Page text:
I mentioned this in the recaps, but this is worth its own post: Giancarlo Stanton’s homer off Jamie Moyer last night was something to behold. For a couple of reasons.
First, it was a freaking shotgun blast. It left the bat at 122.4 miles per hour according to ESPN’s home run stats thingy. That’s the fastest since they began keeping track six years ago.
Second, it knocked out some lights on the scoreboard, as you can see in the pic to the right. Yes, it’s an LED thing and not old school light bulbs so it’s not exactly the same thing — it’ll probably be fixed with a simple reboot or something — but it’s still pretty impressive.
The official distance was 438 feet, but that’s just because it was stopped by an immovable object. One wonders what kind of distance the ball — which was still rising according to those who watched it — would have made had it been hit in a park with an open left field.
The Astros are in agreement with right-hander Justin Verlander on a two-year, $66 million extension, Mark Feinsand of MLB.com was among those to report on Friday. With no money deferred, the $33 million he’ll receive over the next two years will set a record AAV for major-league pitchers; something MLB Network’s Jon Heyman says matters to Verlander, who “cares how his deals affect markets (and fellow players).”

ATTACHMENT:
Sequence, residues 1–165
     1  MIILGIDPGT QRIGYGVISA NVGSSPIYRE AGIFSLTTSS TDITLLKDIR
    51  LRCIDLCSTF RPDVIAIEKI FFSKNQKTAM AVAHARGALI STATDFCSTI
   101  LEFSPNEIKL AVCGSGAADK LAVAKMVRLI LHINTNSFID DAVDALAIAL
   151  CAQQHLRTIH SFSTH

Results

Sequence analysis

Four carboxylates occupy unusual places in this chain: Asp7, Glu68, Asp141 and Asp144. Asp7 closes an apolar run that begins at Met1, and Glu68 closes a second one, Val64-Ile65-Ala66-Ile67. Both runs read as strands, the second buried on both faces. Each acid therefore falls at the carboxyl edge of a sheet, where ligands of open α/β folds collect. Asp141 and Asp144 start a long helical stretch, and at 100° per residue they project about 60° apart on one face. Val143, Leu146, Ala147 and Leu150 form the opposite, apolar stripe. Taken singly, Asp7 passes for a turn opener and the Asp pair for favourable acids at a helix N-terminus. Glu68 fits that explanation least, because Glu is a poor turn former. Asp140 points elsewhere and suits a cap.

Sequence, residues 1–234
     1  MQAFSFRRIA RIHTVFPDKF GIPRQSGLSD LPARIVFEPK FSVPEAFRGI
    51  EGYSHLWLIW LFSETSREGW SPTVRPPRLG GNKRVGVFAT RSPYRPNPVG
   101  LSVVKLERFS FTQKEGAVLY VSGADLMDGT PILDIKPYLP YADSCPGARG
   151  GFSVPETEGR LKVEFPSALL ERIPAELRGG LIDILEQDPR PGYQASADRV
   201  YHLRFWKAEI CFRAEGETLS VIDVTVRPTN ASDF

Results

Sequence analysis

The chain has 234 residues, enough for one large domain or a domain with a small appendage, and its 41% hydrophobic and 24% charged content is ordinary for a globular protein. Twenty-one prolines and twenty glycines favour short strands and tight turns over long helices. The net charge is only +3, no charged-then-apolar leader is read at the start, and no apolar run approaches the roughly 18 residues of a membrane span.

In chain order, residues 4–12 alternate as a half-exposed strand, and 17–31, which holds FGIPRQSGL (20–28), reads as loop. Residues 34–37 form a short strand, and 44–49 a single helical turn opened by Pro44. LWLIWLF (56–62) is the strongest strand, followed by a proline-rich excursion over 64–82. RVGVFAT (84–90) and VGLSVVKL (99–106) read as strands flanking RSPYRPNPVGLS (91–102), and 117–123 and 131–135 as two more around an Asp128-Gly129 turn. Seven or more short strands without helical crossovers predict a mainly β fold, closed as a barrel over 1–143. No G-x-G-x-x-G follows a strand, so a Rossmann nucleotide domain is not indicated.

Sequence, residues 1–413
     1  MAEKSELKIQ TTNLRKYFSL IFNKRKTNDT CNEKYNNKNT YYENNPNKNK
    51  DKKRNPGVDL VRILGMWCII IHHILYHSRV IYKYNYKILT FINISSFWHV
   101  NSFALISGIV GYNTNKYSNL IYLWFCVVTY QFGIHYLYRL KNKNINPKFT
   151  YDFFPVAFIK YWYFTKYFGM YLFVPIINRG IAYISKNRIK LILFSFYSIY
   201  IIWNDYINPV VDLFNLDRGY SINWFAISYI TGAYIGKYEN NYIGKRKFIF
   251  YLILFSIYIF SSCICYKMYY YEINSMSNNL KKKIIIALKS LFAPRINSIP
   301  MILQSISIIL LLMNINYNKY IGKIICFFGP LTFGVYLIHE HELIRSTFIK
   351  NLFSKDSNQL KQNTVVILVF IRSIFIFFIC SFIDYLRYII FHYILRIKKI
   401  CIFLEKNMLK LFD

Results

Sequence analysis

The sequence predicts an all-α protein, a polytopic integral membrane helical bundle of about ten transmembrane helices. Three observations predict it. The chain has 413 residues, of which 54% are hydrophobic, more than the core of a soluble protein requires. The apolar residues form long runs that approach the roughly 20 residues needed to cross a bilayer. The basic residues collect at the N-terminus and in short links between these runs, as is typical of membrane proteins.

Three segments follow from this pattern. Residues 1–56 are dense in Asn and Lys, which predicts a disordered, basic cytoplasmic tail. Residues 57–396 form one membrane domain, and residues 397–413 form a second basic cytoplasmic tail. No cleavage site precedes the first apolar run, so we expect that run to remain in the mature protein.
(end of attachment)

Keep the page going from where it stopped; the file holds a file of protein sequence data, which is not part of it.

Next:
While it’s far from the five-year, $100 million extension teammate Alex Bregman signed with the club on Friday, the deal will give the Astros a bigger window to consider their long-term plans for the ace before he hits free agency again. Prior to Saturday’s agreement, Verlander’s original contract — the hefty seven-year, $180 million arrangement he reached with the Tigers in 2013 — was set to expire at the conclusion of the 2019 season.
It’s difficult to overestimate the value Verlander has provided to the Astros since they acquired him from the Tigers back in 2017. He was named the 2017 ALCS MVP following seven shutout innings in a must-win Game 6 performance and helped the Astros clinch their first franchise World Series title. In 2018, he earned his seventh career All-Star distinction and received consideration for both AL Cy Young and MVP awards after pitching to a 16-9 record in 34 starts with a 2.52 ERA, 1.6 BB/9, 12.2 SO/9 (the product of a career-high 290 strikeouts), and 6.7 fWAR over 214 innings.
The deal has not been confirmed by the team.